Sean Casey Interview – Part 8 – Instruction at Glen Abbey

@36aday is pleased to introduce interviews with leaders in the game of golf in Canada. Nine questions are presented to probe important issues of the game, personal experiences, stories and insight. Just like 9 holes of golf, I hope you find this enjoyable and that it leaves you wanting more.

A Quick 9 With Sean Casey, Director of Instruction at The Glen Abbey Golf Academy and Head Coach for the Canadian Junior Golf Association National Teams.

8. @36aday – You’re the Director of Instruction at The Glen Abbey Golf Academy in Oakville, ON. Is it possible for anyone to reach out to you to seek instructional support and how can people reach you if interested?

SC – Yes, people can certainly reach out. If I was to take someone in at this point it would definitely help if it was a referral; someone you already know that I’m working with. However, as I sit and speak with you today I really don’t have room. But that doesn’t mean I won’t have room next month. There is only so many people you can fit into a weekly schedule. The problem is, if I take someone new and squeeze them in, am I really doing what’s best for them? Because I may not be able to really give them my best. I might be tacking them onto the end of a long day and they might get better care and better coaching from someone who has more time. I’m hesitant at this point.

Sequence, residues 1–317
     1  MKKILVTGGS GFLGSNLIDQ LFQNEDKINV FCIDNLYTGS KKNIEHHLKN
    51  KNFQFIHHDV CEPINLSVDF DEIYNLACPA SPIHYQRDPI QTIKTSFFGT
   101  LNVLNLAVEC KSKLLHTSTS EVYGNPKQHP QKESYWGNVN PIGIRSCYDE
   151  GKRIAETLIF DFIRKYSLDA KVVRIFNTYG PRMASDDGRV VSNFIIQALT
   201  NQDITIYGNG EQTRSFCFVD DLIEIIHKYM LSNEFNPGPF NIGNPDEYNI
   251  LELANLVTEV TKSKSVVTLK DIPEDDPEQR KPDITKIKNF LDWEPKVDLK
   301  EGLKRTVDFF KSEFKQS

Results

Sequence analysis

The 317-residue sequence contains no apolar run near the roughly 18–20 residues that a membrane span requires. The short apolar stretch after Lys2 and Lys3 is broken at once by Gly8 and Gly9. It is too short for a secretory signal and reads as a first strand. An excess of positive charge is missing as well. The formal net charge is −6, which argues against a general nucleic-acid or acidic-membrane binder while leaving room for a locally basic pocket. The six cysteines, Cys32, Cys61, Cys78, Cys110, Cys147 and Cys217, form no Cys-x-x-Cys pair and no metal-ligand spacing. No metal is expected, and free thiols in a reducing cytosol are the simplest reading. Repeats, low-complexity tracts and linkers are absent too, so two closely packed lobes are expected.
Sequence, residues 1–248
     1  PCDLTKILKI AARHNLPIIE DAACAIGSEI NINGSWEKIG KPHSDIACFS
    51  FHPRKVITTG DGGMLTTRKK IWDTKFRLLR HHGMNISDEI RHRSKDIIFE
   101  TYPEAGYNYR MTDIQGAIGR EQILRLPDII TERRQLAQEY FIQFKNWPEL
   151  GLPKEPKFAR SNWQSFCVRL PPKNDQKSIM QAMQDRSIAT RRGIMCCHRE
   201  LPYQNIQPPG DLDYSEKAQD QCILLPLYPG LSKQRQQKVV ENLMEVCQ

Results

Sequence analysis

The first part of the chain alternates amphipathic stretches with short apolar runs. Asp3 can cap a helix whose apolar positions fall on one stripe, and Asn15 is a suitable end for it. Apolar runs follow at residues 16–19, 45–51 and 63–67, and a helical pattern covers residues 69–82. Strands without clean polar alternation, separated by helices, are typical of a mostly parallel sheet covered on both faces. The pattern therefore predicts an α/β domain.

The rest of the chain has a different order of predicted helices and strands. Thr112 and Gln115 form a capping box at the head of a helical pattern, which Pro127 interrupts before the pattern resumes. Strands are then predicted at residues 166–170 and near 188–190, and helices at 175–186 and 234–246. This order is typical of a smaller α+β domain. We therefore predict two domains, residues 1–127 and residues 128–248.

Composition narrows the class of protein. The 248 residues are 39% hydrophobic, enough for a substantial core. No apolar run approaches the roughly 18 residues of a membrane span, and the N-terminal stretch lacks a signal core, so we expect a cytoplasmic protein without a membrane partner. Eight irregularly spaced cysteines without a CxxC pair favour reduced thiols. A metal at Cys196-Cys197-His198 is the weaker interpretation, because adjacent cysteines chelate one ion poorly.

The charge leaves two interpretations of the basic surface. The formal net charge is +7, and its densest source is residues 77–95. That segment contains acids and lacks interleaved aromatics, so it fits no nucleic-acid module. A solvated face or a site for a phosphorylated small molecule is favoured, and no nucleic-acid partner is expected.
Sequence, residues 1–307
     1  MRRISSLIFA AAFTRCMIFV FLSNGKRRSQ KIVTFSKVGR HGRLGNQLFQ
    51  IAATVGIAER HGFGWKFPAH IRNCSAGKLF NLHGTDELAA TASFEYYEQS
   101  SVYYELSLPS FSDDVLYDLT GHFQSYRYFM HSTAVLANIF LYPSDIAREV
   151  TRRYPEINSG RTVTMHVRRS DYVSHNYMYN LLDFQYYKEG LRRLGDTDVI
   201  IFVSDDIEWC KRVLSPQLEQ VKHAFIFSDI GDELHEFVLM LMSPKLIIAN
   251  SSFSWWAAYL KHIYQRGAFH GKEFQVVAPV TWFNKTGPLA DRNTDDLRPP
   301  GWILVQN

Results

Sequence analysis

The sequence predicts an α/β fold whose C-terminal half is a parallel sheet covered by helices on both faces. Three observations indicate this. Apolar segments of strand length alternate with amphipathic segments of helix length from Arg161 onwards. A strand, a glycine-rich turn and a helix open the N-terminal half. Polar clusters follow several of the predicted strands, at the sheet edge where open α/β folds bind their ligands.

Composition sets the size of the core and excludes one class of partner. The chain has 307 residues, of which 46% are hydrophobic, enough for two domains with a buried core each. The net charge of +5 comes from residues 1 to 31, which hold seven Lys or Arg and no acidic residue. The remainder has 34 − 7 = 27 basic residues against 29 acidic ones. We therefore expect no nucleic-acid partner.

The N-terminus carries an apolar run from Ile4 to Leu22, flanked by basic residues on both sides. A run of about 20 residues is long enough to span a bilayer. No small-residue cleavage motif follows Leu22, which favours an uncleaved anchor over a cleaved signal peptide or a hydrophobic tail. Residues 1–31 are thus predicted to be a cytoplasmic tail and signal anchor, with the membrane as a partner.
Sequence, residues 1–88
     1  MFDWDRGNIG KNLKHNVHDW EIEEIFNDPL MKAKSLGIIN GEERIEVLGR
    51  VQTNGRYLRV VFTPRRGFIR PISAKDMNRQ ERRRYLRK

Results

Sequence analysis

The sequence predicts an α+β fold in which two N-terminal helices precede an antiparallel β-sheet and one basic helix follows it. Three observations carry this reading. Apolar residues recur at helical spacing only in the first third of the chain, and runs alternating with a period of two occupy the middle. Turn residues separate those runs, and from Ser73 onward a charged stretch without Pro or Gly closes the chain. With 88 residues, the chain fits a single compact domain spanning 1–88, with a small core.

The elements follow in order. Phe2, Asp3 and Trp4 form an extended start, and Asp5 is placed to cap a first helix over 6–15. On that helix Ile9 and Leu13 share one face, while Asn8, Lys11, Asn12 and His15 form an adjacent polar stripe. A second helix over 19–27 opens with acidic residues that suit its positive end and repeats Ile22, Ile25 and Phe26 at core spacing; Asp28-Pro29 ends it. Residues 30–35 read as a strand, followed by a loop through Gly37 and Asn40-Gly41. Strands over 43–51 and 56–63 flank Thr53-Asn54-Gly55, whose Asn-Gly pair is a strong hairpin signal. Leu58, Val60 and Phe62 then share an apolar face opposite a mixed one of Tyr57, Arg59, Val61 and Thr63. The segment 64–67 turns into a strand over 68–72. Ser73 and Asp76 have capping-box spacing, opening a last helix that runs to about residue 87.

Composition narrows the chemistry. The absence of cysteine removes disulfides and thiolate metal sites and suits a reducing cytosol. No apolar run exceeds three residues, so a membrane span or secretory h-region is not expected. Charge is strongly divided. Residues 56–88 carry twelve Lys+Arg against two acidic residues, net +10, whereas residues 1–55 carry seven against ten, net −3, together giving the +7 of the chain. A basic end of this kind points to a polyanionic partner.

@36aday – I appreciate that. To follow up, is there a system in place among teaching professionals for referrals?

SC – I refer people. Sometimes, someone will write to me and say ‘I’ve heard of you from someone I know’ or they found me on line but they live in Toronto, and say ‘do you know of anyone closer to me?’ and I’ll give them the name of a few guys and let them find the person right for them. Recently I reached out on someone’s behalf to three different coaches in Toronto saying, ‘guys, here’s a potential student, who’s interested?’. It’s something we regularly do to get people linked up with coaching. At our academy some of our coaches are full; they don’t have room in their schedules while others are still building their business. We try to get a sense of the student, the personality, what are they looking for. Maybe ask them, what type of personality would you like your coach to be? Do you want someone who’s a little more laid back, do you need someone organized who will keep you on a program. Are you looking for someone a little more social, where you can talk golf? We try to get a sense from the student who they’re looking for. All of our coaches are good; good people, knowledgeable, but schedule is very important. When do you want your lessons? We will look to find a coach who can meet when you want to meet.